Monday, April 18, 2011

Tonight is the first night of Pesach, Passover. Jews around the world will gather to retell our founding story: how we were unjustly enslaved in Egypt and how God liberated us after crushing the Egyptians with unbelievable horrors. I just can’t get behind this story.

First of all we Jews were not innocent victims of the Egyptians. Read the closing chapters of Genesis to discover that Joseph and Pharaoh used the seven years of famine to strip the Egyptian people of everything they had: their land, their dignity, their freedoms. Only three groups thrived during this period: Pharaoh, his Priests, and the Hebrew people. I am not proud of this, nor can I herald Joseph as my hero.

So tonight before we get drunk on our innocence, let us atone for our guilt—for our having collaborated with Pharaoh at the expense of the Egyptian people—by seeing where we may be collaborating with evil today, and ending that collaboration during the week of Pesach.

Skip to the plagues. This was a war between YHVH and the Gods of Egypt. Each of the ten plagues is the defeat of an Egyptian God: from Hapi, God of the Nile; to Ra, God of the Sun; to Pharaoh, God on Earth. I love stories of Gods at War, but the collateral damage to the Egyptian people is untenable. The ancient rabbis knew this. That’s why they tell the story of God opposing the Hebrews’ celebration of the drowning of Pharaoh’s army, and why they commanded us to diminish our cups of wine that we not drink to the suffering of others.

Our liberation cost the Egyptian people dearly. Let that sober us up, and more importantly let it shift our attention to others, such as the Palestinians, who continue to pay a heavy price for our freedom.

For me the real heroes of Pesach are the women. Passover is a women’s revolution against the madness of Pharaohs and Gods: the midwives Shifrah and Puah refuse to murder the Hebrew baby boys, Moses’ mother Yocheved saves her son from the soldiers sent to kill him, Pharaoh’s daughter defies her father and raises Moses as her own son in his own house, Moses sister Miriam brings Yocheved to nurse him establishing a silent conspiracy of Moses’ two mommies against the all-powerful Pharaoh, and Moses’ wife Zipporah saves her husband from a God gone mad who seeks to murder her husband even as he makes his way to Egypt to save the Hebrew people. Had any one of these women failed, the story would end in tragedy rather than triumph.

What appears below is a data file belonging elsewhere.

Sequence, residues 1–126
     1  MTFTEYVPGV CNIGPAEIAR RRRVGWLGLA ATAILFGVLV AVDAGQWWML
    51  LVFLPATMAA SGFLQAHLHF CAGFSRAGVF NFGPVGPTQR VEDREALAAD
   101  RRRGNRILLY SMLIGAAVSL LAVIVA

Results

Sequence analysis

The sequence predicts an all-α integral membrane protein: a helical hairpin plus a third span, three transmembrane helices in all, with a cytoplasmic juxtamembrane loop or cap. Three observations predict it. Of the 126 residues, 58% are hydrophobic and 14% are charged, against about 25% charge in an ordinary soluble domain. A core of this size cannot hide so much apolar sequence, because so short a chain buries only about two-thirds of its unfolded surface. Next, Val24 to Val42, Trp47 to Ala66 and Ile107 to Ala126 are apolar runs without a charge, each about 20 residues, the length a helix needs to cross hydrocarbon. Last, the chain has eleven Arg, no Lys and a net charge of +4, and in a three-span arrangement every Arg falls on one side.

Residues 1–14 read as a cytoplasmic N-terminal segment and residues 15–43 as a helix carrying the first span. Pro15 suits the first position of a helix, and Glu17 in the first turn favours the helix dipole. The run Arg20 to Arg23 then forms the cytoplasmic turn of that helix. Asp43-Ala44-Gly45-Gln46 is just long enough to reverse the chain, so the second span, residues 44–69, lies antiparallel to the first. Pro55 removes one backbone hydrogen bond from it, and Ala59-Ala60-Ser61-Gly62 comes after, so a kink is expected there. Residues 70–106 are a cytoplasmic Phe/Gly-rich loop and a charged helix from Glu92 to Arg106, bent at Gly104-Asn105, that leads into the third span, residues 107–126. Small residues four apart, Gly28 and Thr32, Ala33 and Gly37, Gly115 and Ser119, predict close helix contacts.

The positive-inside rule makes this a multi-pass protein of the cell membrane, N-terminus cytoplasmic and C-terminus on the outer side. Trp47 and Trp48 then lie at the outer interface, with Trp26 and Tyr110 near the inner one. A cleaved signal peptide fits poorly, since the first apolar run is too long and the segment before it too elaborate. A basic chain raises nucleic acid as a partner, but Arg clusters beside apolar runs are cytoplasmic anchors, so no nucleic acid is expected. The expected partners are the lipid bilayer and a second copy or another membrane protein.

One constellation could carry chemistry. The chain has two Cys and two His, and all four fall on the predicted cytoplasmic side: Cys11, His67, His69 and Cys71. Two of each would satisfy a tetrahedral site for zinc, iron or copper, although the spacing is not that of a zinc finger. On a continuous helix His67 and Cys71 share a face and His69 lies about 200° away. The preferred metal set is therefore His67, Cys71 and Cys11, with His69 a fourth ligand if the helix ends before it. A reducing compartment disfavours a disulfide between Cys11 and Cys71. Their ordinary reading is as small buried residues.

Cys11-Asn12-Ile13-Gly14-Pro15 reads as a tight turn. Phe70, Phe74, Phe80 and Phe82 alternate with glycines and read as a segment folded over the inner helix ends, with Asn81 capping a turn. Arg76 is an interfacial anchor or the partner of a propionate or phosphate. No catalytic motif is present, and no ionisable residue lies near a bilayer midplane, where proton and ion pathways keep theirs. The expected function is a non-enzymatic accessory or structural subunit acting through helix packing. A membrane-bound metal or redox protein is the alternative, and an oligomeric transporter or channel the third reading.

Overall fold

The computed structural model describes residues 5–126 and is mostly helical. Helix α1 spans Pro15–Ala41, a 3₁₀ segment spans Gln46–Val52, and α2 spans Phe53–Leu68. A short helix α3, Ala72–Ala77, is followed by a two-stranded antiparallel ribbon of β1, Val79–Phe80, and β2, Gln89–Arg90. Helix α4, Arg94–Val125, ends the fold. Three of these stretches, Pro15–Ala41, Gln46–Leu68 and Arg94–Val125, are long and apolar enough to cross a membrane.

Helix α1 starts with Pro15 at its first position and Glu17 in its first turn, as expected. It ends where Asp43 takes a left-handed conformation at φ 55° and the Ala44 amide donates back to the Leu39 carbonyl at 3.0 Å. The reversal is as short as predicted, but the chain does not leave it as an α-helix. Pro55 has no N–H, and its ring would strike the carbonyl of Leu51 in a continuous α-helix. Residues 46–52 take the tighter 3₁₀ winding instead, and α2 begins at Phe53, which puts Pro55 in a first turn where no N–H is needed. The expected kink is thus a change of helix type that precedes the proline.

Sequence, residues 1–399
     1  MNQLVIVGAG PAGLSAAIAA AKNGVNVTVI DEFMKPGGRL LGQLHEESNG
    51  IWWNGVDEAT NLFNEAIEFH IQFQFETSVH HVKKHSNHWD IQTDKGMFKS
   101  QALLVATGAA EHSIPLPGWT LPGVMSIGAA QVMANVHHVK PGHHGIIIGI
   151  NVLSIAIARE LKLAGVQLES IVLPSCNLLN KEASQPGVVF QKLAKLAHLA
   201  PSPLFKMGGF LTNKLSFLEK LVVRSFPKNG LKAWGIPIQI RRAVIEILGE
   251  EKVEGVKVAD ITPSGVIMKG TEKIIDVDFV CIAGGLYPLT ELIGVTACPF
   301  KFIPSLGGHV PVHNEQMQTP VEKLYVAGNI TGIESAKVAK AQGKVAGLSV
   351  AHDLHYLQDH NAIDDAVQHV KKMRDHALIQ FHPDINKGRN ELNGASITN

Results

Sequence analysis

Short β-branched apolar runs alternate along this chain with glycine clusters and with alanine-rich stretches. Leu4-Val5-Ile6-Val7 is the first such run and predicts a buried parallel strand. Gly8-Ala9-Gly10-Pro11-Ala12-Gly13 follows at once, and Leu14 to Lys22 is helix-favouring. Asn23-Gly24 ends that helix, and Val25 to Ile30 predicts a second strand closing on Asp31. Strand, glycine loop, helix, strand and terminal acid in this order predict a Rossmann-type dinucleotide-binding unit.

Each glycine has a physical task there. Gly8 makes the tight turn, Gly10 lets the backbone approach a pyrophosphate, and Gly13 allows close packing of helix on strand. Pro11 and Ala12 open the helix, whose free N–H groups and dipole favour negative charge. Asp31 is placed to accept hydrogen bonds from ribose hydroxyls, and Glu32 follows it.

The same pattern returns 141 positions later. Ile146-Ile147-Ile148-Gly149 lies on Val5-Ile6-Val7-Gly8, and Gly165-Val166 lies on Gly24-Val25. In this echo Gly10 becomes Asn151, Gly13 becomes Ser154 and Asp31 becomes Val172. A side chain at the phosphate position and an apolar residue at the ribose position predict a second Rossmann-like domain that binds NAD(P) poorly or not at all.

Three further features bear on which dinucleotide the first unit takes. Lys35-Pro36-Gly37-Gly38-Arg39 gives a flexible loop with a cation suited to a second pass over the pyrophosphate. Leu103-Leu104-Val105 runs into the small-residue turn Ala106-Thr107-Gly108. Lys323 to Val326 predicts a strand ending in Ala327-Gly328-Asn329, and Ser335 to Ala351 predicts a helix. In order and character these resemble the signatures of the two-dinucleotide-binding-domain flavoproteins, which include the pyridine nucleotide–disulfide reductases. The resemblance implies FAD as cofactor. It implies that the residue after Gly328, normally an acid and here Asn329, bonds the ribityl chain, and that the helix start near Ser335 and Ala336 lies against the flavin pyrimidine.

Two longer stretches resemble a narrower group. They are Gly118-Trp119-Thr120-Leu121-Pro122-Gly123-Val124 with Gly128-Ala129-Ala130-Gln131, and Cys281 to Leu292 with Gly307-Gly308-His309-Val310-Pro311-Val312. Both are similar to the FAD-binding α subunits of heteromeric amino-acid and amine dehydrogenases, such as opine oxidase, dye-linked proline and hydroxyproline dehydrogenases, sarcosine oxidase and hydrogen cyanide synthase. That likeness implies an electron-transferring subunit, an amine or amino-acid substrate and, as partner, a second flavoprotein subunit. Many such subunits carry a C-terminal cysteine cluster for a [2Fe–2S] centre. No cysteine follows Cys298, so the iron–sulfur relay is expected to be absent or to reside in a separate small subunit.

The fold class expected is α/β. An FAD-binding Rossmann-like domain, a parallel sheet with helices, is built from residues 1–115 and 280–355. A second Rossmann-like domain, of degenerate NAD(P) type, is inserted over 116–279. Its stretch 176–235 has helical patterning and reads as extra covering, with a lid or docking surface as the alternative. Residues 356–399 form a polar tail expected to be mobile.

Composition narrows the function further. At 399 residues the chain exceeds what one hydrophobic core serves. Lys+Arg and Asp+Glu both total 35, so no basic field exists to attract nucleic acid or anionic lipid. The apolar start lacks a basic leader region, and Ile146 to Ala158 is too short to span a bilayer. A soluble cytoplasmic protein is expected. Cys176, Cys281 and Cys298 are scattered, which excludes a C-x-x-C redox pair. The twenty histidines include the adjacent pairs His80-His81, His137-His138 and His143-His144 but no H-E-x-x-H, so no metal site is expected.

Let tonight be more than a celebration of an ancient liberation from evil. Let it be a time to admit to and liberate ourselves from our own collaboration with evil; a time to admit to and end the suffering we cause others; a time to challenge the power of gods— religious, economic, political— and to celebrate the power of the few to do justly regardless of the odds.

Chag sameach Pesach.


Unknown said...

Love it! A celebration of the women, of the feminine leading us to true inner freedom. :)

Barry said...

I copied this to give to the four guests at our seder. Joe (my spouse and a Reform rabbi) asked me not to distribute it because three of the guests are not Jewish and new to seder generally. He thought we should stick to the basics. He pointed out that I'm enough of a flame thrower without adding incendiary reading matter to the mix. I'm paraphrasing.

Joe was probably right within the context of our seder; I'm in agreement with what Rabbi Rami wrote.

andrea perez said...

When we build our freedom on the backs of someone else, freedom became meaningless.
I always thought the greatest hero of the Passover story was Pharoah's daughter...She was the only one who had nothing to gain. She heard a child cry and had to save it. She doesn't need to hear "God" calling to her through a burning bush to do what she feels right...she just does amazing is that? Too bad she wasn't the leader chosen to save "all" the people. And we never learn her name...
Maybe that's who we are supposed to be, nameless people who do the compassionate loving act, just because it is the right thing to do.

Maybe that's what is needed as a Midrash for the Passover Seder...

Rabbi Rami said...

Thanks for the comments, and kudos to Andrea--I plan to use your midrash whenever I teach this story. Wonderful.

And I understand Joe's concern: What would the goyim think? Maybe they would think they could do the same with their texts. Maybe they would begin to free themselves from all texts. Maybe next year. In Jerusalem.

fullysickmail said...

Rabbi, my a##. How can you call yourself Rabbi and not believe in the Old Testament.